Common Errors in English Usage 2nd Edition: It’s a book that deserves its reputation

I was asked recently to name three common errors in English that everyone should learn to avoid. This is an invitation to expound (in a quite bloated way, preferably) and pass judgment and arbitrarily assign extreme importance to things that ultimately could never be ranked in any way. In other words, it was an invitation I could never decline, and it actually wasn’t that hard to think of the three: “its” and “it’s.”

Well, OK, on its face, that’s only one error, and a pretty simple one at that. “It’s” with an apostrophe can only mean “it is” or “it has.” The apostrophe takes the place of the missing letters in this case, just like the apostrophe in “don’t” or “can’t,” so if you are using “it’s” with an apostrophe and cannot logically replace it with either “it is” or “it has,” then the correct spelling is “its” with no apostrophe. Example:
  • It’s been too long since I spent the day at the seaside.
  • The maple shed its leaves assiduously throughout the fall afternoon.
I don't know how many times I’ve been handed a manuscript to edit where the author—literate, intelligent, successful—somehow had this distinction exactly backwards, or at the very least was not up to using the correct spelling more than about three out of five times, say.

But of course there's an excellent reason why “it’s” and “its” get misused by capable writers. It’s simply that the apostrophe has one other major function in English besides standing in for missing letters. The apostrophe also is used to mark the possessive case, as in “John’s books” or “the leaders' conference.” The problem, naturally, is that “its” is a possessive pronoun, so the instinct is to want to insert an apostrophe to mark possession. Pronouns are different from nouns, though. We just don’t do apostrophes in our possessive pronouns (his, her, your, their) the way we do with our nouns.

So, then, enter common error in English #2: Correctly inserting the apostrophe in a possessive noun. Here's one that I often have to stop and think about, though the basic rule is straightforward: For a singular noun, add apostrophe-s to the end to make it possessive. For a plural noun ending in “s,” add only an apostrophe to make it possessive, and for plural nouns not ending in “s” (such as children), add apostrophe-s to the end to make it possessive. Examples:
  • the boss’s desk (singular noun; add apostrophe-s to form the possessive)
  • the child’s bookshelf (singular noun; add apostrophe-s to form the possessive)
  • a managers’ meeting (plural noun ending in “s”; add apostrophe to form the possessive)
  • the men’s room (plural noun not ending in “s”; add apostrophe-s to form the possessive)
So far, so good—but there is one little hitch when it comes to proper nouns. For a proper noun ending in “s,” there is an acceptable style that allows for adding just an apostrophe to the name to make it possessive, whether singular or plural. Example:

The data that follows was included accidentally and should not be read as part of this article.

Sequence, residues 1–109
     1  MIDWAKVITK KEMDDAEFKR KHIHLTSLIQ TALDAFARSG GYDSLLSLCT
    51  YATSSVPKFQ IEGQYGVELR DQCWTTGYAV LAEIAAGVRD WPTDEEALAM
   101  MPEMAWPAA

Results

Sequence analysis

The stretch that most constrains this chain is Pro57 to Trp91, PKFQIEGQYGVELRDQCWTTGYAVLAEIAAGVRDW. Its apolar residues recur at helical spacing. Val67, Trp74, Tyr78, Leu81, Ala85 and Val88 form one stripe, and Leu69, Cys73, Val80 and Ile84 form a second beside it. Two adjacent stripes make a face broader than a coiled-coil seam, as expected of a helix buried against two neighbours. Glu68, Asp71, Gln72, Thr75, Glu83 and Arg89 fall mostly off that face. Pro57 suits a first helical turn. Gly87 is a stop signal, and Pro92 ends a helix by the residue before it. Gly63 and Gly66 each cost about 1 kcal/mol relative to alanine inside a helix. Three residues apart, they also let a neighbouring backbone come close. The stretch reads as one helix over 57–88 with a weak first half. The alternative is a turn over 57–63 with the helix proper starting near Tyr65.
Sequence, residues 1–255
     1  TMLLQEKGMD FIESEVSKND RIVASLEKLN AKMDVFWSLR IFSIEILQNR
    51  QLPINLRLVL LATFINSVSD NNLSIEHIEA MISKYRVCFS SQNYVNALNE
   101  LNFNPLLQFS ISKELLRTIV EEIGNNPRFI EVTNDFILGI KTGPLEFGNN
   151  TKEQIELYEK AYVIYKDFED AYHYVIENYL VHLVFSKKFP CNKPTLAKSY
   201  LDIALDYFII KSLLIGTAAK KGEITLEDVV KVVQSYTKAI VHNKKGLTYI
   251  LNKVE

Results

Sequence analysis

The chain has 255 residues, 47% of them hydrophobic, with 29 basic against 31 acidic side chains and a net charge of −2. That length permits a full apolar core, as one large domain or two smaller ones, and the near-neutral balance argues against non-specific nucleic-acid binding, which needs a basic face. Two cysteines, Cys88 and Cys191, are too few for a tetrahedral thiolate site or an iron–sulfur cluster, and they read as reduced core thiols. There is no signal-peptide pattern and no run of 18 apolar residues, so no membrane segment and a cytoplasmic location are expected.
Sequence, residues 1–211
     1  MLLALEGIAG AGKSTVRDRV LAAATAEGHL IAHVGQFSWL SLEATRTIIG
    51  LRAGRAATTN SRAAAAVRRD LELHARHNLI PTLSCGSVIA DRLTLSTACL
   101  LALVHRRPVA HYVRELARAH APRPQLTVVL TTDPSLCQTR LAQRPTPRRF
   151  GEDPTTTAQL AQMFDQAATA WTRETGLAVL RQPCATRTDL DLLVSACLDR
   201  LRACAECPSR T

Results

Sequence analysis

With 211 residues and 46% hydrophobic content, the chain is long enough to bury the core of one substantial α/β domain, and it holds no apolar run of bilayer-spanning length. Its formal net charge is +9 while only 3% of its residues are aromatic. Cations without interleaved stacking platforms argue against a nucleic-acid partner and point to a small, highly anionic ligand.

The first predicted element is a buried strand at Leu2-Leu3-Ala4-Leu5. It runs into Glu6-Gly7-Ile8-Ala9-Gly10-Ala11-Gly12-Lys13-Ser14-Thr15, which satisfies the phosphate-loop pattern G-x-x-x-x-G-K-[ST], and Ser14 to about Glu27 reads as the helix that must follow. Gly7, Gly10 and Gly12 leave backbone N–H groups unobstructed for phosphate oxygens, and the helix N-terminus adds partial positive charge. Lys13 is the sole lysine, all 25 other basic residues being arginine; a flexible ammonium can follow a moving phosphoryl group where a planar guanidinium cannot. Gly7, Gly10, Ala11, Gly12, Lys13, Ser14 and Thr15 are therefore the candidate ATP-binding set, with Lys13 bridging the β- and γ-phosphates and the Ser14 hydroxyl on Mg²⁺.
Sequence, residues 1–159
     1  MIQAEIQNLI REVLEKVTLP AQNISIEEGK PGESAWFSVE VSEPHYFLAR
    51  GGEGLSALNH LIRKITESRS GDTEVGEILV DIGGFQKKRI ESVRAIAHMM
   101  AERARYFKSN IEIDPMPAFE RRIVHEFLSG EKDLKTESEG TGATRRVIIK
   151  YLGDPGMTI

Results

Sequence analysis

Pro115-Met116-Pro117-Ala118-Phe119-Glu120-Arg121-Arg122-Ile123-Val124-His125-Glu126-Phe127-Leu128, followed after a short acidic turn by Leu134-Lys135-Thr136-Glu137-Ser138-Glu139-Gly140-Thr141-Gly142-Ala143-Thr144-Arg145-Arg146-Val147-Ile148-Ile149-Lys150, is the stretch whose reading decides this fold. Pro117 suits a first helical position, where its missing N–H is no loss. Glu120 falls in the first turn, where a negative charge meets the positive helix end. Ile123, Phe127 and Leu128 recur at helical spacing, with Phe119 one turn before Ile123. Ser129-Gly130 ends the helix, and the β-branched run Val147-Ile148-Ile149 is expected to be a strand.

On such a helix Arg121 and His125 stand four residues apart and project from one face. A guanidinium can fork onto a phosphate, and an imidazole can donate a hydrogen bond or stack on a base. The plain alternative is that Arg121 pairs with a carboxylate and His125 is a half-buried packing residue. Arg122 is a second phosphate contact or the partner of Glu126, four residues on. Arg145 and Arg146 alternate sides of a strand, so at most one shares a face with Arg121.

• Paul Brians’ excellent book on English usage
    (singular proper noun made possessive by adding an apostrophe)
  • Jacqueline du Pré’s recordings of Brahms’ cello sonatas
    (two singular proper nouns—one made possessive by adding apostrophe-s; the other made possessive by adding an apostrophe)
  • the Masons’ expansive collection of exotic pets
    (plural proper noun made possessive by adding an apostrophe)
Of course, the sign hanging in the yard of your neighbor’s house probably should have no apostrophe at all; it should just read “The Smiths,” I think. That is, I think the sign is short for [This is the house where] The Smiths [live]. But there may be an argument for adding an apostrophe to the end of “Smiths” if you think the sign stands for something like [This is] The Smiths’ [house]. I don't think, however, that the case can be made for a sign reading this way: “The Smith’s,” though surely you will see such signs wherever you may roam.

Fine—that’s two errors tied to “its” vs. “it’s,” but where could the third error to avoid be? It gets a bit trickier, since this is not clear-cut error-correction turf anymore, but consider these two (classic) sentences:
a) The committee reached its decision.
b) The committee reached their decision.
Note, first, that “its,” not “it’s,” is the correct spelling in Example a). That's worth noting because there's my flimsy connection to the its/it’s question I'm addressing. But the issue now becomes transmogrified—it’s no longer a matter of wrestling with apostrophes and possessive forms; now it’s a question of singular vs. plural. And here, I think, is the source of much confusion among native English speakers. It all seems pretty simple when you use sentences like this:
  • The dog wagged its tail.
  • The cats ate their dinner.
Baby stuff, of course. “Its” refers to the dog; “their” to the cats. If you mess this up you probably are not a native speaker of English. On the other hand, go back to sentences a) and b) above, and ask yourself what parts of the sentence are missing. Is it a) or b)?:
a) The committee[, acting as a unified whole,] reached its decision.
b) The [members of] the committee reached their decision.
And on this point you need to settle into some comfortable in-between space that decides both can be correct. Now, enlightened, you can go forward knowing you know which one you mean when using the singular (its) or the plural (their).

There is so much more to say about “their” and “they,” and the tradition of the “singular they,” which has been covered quite thoroughly elsewhere. For now, I’ll just take the opportunity to announce that these issues and many others are addressed concisely, accurately, and fairly in Common Errors in English Usage 2nd Edition, which—as of today—is available for ordering and will be shipping in about three weeks. Have fun!

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